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The accusative form of "Hitler"

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The accusative form of "Hitler"

Postby Hesperado » Thu May 29, 2008 6:01 pm

What would the accusative form of "Hitler" be according to Latin rules?

Would "Hitler" be like "puer", second declension, and therefore its accusative form be rendered "Hitlerum"?

Or would it be considered a 3rd declension -- therefore "Hitlerem"?

I'm asking because of the famous coinage of Leo Strauss, the argumentum ad Hitlerum (Hitlerem?) and want to use this phrase spelled correctly.

Thanks.
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Postby Apollimagine » Thu May 29, 2008 7:38 pm

I would always use the third declension for foreign names --> Hitlerem, but I am not 100-percently sure, it's just a feeling.
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Postby timeodanaos » Thu May 29, 2008 9:53 pm

But if you are quoting, you should always be precise, even if the original text is flawed grammatically!
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Postby benissimus » Thu May 29, 2008 10:47 pm

I recently read this phrase spelt "ad Hitlerum", as you have it. Since there is no hard and fast rule about how it should be declined, I think it best to use the agreed upon form. You weren't by any chance reading Coulter's article?
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Postby Hesperado » Thu May 29, 2008 10:51 pm

Thanks all.

benissimus, there must be a rule, or at least a common way that foreign names were declined (as throughout the Middle Ages there were many Germanic names of people and towns mentioned in Latin texts).

Yes, I read the Coulter article but I remember seeing that phrase in a New York Times Magazine essay many years ago, spelled as "Hitlerem".
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Postby benissimus » Thu May 29, 2008 10:59 pm

Sorry, I didn't mean to say that there is no standard way to transliterate names into Latin, though the convention was never completely regular and faces new problems with the names we encounter today. I was referring specifically to the 'er' ending, the declension of which is basically up in the air. I suspect there is a tendency toward the 2nd declension, but I would be grateful if someone could verify or disprove that. For what it's worth, "ad Hitlerum" receives 81,800 hits on Google, whereas "ad Hitlerem" gets a measly 547.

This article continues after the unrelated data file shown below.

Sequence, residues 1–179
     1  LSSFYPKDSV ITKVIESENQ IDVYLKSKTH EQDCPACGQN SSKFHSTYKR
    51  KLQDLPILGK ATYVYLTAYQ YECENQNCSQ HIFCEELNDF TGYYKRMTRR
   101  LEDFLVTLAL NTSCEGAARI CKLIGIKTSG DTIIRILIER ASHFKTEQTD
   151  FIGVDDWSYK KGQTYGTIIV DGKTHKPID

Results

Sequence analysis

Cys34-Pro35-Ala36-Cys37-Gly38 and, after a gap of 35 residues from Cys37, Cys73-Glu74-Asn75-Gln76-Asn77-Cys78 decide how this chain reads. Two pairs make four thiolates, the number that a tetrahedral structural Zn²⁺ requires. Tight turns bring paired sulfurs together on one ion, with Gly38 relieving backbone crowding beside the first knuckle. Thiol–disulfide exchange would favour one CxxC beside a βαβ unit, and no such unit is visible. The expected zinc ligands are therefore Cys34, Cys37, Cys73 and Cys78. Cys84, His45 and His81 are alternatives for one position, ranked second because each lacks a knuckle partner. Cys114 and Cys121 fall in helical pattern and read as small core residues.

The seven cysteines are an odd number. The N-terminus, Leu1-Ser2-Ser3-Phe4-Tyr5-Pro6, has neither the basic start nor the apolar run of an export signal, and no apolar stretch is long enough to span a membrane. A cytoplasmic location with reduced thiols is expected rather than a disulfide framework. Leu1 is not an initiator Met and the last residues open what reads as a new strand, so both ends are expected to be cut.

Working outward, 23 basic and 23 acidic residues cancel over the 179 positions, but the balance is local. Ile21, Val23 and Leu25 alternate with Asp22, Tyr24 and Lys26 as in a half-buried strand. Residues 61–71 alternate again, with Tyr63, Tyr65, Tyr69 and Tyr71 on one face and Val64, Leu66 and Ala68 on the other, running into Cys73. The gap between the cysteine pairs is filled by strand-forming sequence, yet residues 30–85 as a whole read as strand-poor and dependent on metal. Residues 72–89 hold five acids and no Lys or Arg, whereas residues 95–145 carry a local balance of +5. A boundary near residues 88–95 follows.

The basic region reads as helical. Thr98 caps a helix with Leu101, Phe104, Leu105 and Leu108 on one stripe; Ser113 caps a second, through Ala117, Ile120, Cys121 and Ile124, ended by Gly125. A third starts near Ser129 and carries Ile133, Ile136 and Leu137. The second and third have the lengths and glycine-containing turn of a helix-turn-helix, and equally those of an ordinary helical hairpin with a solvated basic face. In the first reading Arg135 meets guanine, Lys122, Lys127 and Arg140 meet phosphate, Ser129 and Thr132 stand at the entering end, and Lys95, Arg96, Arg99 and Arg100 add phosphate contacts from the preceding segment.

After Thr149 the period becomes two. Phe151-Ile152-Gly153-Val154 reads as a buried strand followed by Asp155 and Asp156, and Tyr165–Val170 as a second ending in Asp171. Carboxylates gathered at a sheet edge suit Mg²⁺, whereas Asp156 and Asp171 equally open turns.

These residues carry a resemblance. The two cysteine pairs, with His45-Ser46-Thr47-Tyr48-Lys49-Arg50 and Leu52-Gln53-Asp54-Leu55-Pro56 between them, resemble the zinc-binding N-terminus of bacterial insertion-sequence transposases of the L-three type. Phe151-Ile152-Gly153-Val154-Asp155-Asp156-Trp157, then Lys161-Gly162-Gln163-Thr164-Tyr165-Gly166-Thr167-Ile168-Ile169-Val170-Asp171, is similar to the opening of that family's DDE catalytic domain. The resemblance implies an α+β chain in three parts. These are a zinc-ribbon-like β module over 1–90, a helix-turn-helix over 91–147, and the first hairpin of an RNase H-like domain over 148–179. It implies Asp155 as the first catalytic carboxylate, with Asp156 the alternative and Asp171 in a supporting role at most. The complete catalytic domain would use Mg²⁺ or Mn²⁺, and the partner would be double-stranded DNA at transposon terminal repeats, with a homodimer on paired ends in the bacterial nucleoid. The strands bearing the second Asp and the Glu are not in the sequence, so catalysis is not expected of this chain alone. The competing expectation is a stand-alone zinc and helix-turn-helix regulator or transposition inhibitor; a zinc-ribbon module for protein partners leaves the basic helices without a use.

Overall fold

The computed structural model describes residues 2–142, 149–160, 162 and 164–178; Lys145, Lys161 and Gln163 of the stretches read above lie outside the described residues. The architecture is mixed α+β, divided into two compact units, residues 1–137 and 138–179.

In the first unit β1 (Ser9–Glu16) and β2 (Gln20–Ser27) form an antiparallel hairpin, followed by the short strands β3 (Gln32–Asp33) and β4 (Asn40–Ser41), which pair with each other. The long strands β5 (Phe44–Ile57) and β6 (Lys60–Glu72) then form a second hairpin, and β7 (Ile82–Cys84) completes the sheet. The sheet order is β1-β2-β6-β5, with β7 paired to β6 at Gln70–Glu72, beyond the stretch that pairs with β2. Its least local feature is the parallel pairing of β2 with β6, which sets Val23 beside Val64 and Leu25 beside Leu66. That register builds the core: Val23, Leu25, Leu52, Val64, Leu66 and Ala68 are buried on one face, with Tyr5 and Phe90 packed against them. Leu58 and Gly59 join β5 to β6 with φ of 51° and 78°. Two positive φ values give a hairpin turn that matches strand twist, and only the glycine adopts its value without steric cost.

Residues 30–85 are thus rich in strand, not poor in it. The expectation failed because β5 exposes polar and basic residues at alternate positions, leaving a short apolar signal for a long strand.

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Postby Hesperado » Fri May 30, 2008 10:54 pm

thanks benissimus,

I too noticed the disparity on Google, though from a search just now I found the following:

"ad hitlerum" = 50,700

"ad hitlerem" = 624

Then I did a search of adding "jstor" to each (which would narrow down the scholarly references somewhat):

"ad hitlerum" jstor = 53

"ad hitlerem" jstor = 2

Nevertheless, I don't know why, but I have a gut feeling that "hitlerem" is the correct form.
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Postby annis » Sat May 31, 2008 12:53 am

Hesperado wrote:I too noticed the disparity on Google, though from a search just now I found the following:


Through google books ad Hitlerum is by far the most common. Everything but one that has "ad Hitlerem" is in Czech, which makes me suspect this is a Czech ending. Finally, one single book in German spells it reductio ad Hitlerem.
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Postby Moerus » Sun Jun 01, 2008 6:27 pm

In fact these days the 'general' rule for names in neolatin is that the last name is not latinized anymore. The first name however is latinized. So to avoid every confusion in a declension you sould always add the first name.

If however - like it was done before- also the last name is latinized, there is no rule for a declension to use: every name is a case on itself.
Mostly it was like that that in neolatin texts the first one to use a historical name, chooses the declension.

For Hitler, mostly the name is not latinized, but there is actually a latinized last name. I saw that even the Latin Vicipaedia is sometimes in doubt and they ask the same question you do. In other threats they seem to be decided and choose Hitler, -Hitleri, 2nd declension. I see thet Hitler, Hitleri is most frequent, if latinized. Although there seem to be a preference for the non-latinized form.

An example of the non-latinized last name can be found in a recent nuntii latini news message:

Pellicula de Adolfo Hitler
In Germania pellicula cinematographica producta est, quae dictatorem Adolfum Hitler in munimento subterraneo Berolinensi ultimis vitae diebus degentem facit. Quod opus nomine ?Der Untergang? a criticis quidem laudatur, sed multi Germani naturam dictatoris in illa taeniola nimis humanam figuratam esse reprehendunt. Bernd Eichinger autem, productor pelliculae, respondit sibi ne propositum quidem fuisse spectaculo suo Adolfum Hitler diabolum describere.

So I wouldn't latinize it and if you do anyway: Hitler, Hitleri.

Valete,

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